Snake Respiratory System

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External nares © RVC

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Introduction

The respiratory tract of snakes consists of external nares, nasal cavity, internal nares, glottis, trachea, bronchi, lung(s) and air sac. There is no diaphragm. The external nares communicate with the internal nares through the nasal cavity. The internal nares lie in the roof of the oral cavity and communicate directly with the glottis when the mouth is closed. The glottis lies posterior to the tongue and is not difficult to visualise, making intubation for anaesthesia relatively easy. During the feeding process, the glottis is able to move laterally to facilitate respiration while ingesting large prey items, a process which may take considerable time.

For more information on the physical examination of respiratory function, see Snake Physical Examination.

Trachea

Internal nares and glottis © RVC

The trachea has incomplete cartilaginous rings. The ventral portion is rigid cartilage while the dorsal fourth is membranous. The trachea enters the lung at a level near the base of the heart. Some species of snakes have a unique saccular diverticulum of open tracheal rings that acts for hissing or as a tracheal lung for gas exchange when gastric contents preclude normal pulmonary function.

Lungs

The lung morphology of snakes is very species-dependent but is obviously elongated. The left lung is always reduced but may vary from 85% of the length of the right lung to being absent. It is relatively well developed in boids but only vestigial in colubrids. The anterior part of the lung is non-respiratory and functions as an air sac for gas exchange. In boids and colubrids, the respiratory portion of the lung lies between the heart and the cranial liver whereas in most viperids and elapids it is cranial to the heart. The posterior part is thin-walled and non-respiratory, mainly functions as an air sac and contains a major portion of the volume of the respiratory tract. In terrestrial snakes this air sac terminates in the intestinal mesentery near the gallbladder while in aquatic species it may reach to the cloaca and is thicker and more muscular.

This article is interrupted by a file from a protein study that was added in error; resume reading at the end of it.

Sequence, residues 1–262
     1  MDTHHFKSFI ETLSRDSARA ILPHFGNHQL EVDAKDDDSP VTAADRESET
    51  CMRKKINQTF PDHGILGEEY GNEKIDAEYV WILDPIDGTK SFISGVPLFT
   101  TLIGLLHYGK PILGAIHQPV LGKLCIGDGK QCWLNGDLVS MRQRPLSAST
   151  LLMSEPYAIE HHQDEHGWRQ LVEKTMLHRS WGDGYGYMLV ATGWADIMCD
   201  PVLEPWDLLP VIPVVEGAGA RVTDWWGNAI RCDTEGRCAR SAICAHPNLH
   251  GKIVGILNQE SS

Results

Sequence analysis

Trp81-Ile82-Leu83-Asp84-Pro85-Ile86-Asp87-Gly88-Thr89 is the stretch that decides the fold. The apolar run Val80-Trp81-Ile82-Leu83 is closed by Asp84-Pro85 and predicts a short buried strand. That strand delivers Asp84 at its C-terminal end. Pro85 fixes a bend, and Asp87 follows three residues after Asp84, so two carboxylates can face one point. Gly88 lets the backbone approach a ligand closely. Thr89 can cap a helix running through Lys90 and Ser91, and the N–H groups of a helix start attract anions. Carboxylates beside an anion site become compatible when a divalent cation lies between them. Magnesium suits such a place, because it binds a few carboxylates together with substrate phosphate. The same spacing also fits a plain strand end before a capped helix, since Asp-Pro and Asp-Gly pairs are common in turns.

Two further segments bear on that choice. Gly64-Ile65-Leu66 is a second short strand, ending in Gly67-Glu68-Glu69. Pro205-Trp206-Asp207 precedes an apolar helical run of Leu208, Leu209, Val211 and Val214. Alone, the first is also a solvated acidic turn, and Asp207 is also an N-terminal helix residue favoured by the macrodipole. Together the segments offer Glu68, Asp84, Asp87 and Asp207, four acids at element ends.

For more information, see Lizard and Snake Respiration.


Snake Respiratory System Learning Resources
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Full Text Articles
Full text articles available from CAB Abstract
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Reptile pneumatology. Mitchell, M. A.; The North American Veterinary Conference, Gainesville, USA, The North American Veterinary Conference 2003, Small Animal and Exotics. Orlando, Florida, USA, 18-22 January, 2003, 2003, pp 1211-1212





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